Margaret Fuller: The Life of an Astonishing Woman

This iconic woman was a key figure in the women's rights movements and was equally important to the literature of the Transcendental era.

Sarah Margaret Fuller was born May 23, 1810 in Cambridgeport, Massachusetts. Margaret Fuller began her education at a very young age as she learned Greek and Latin and received education from her father, Timothy Fuller. She continued her learning by attending many different schools and learning German and Italian. She then went on to teach at the Bronson Alcott's Temple School and the Green Street School in Providence, RI. After teaching at these schools for two years, she moved on to become a conversationalist and focusing more on her writing. She grew close to Ralph Waldo Emerson and even used many of his Transcendental views in many open discussions she had with other women. Many of these conversations were based on the belief that women knew as much about philosophy that men did. In the early 1840's Margaret Fuller was hired as the editor for a philosophical journal known as The Dial. She then moved on to join the New York Tribune as she became the book review editor for the newspaper. The publication of her essay, The Great Lawsuit. Man versus Men, Woman versus Women, was the beginning of feminism being present within her works. The central idea of women equality continued to be present through the rest of her publications. In 1846, Margaret Fuller was the foreign correspondent for the Tribune and she travelled to Europe in order to send back articles on the art and letters found there. Once she arrived to Italy, she became so engrossed in the revolution that she stayed there for a while. While she was there she had a child with Marchese Giovanni Angelo d'Ossoli. They got married the next year. Their son, Angelo, would be their first and only son. At the end of the revolution, due to the failure, Margaret Fuller, along with her husband and son, set off back to America. However, tragedy struck and the family never made it to America. All three of them drowned off of Fire Island, New York in July of 1850. She had in her possession a manuscript to a book she wrote on the Italian revolution, but it was lost at sea, thus leaving only the works she left back in Europe. Not only was Margaret Fuller essential for the beginning of the women's rights movement, but she also exhibited extraordinary talent within her writing. She was the definition of Transcendentalism.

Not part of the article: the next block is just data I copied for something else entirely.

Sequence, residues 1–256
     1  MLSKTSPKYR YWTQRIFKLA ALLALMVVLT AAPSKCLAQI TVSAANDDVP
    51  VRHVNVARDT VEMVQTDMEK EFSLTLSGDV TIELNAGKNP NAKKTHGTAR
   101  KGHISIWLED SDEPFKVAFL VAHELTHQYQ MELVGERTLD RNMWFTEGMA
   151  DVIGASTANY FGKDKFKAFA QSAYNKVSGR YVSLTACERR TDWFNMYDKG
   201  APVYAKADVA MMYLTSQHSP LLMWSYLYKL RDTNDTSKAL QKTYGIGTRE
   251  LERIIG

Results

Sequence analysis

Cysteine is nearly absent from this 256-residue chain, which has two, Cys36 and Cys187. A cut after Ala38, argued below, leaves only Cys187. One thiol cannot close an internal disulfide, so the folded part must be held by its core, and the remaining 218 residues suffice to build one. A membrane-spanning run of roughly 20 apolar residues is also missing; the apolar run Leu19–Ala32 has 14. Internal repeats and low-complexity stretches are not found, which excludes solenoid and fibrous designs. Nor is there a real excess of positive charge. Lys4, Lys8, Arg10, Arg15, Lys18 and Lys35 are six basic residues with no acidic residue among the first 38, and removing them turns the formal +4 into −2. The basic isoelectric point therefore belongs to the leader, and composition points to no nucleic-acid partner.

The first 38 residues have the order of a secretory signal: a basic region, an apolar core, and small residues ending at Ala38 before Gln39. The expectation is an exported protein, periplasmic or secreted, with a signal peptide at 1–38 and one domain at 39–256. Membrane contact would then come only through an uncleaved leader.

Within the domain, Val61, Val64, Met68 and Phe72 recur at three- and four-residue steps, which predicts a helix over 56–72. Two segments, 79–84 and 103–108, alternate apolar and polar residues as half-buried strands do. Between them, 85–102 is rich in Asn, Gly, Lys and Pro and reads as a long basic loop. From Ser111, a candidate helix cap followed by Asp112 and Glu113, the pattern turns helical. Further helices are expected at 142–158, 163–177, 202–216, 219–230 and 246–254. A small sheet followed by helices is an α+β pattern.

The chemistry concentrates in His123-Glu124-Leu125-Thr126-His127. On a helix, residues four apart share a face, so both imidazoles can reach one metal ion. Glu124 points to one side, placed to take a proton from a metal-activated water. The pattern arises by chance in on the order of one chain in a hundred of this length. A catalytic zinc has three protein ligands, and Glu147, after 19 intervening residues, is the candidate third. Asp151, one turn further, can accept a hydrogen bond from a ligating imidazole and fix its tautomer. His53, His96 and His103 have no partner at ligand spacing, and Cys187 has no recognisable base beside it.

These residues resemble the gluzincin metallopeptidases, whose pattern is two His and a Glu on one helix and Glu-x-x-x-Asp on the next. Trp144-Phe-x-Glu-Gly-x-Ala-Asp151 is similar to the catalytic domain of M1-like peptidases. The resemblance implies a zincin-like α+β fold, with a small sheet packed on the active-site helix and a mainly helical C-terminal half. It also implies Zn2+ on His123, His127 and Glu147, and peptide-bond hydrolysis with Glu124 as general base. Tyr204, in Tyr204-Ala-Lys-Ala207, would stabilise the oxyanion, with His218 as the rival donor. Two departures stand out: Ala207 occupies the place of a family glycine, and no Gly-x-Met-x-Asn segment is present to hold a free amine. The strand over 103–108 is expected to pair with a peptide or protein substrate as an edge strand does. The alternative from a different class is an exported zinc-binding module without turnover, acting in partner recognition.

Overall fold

Transcendental Movement

During the early to mid-nineteenth century, the movement of Transcendentalism began in America. Doubts began to arise about the religious teachings and as a result many turned to the idea that knowledge could be found within one's inner self. This movement predominantly reigned within the literature of this time as authors began professing their ideals in their writings. The very first meeting of transcendentalists occurred in Cambridge, Massachusetts with the group known as the Transcendental Club. The prominent leader of the movement was Ralph Waldo Emerson. The movement did not last long within the literature due to the death of Margaret Fuller and the impact her death had on the other advocates for the movement. Even though the movement did not last, its impact on literature still remained evident. Transcendentalism brought a new way of how people began to understand truth and knowledge. Great philosophies arose during this time period and these philosophies can still be found in the root of many today. This movement also brought a new revival in literature that brought about a new revolution in the way people expressed their ideas and beliefs.

Wise Words of Margaret Fuller

"Without such ideas all attempts to construct a national literature must end in abortions like the monster of Frankenstein, things with forms, and the instincts of forms, but soulless, and therefore revolting. We cannot have expression till there is something to be expressed."

Excerpt from Margaret Fuller's American Literature; Its Position in the Present Time, and Prospects for the Future.

"Truth is the nursing mother of genius. No man can be absolutely true to himself, eschewing cant, compromise, servile imitation, and complaisance, without becoming original, for there is in every creature a fountain of life which, if not choked back by stones and other dead rubbish, will create a fresh atmosphere, and bring to life fresh beauty. And it is the same with the nation as with the individual man."

Excerpt from Margaret Fuller's American Literature; Its Position in the Present Time, and Prospects for the Future.

"Whatever the soul knows how to seek, it cannot fail to obtain. This is the law and the Prophets. Knock and it shall be opened; seek and ye shall find. It is demonstrated; it is a maxim."

Excerpt from Margaret Fuller's Women in the Nineteenth Century.

Works Cited

“Margaret Fuller.” Poetry Foundation. Poetry Foundation, 2014. Web. 18 Dec. 2014.

“Margaret Fuller-Quotes.” The European Graduate School. European Graduate School EGS, 1997-2012. Web. 19 Dec. 2014.

“[Sarah] Margaret Fuller 1810-1850.” American Transcendentalism Web. American

Transcendentalism. Web. 17 Dec. 2014.

“Transcendentalism.” The Literature Network. Jalic Inc., 2011. Web. 19 Dec. 2014.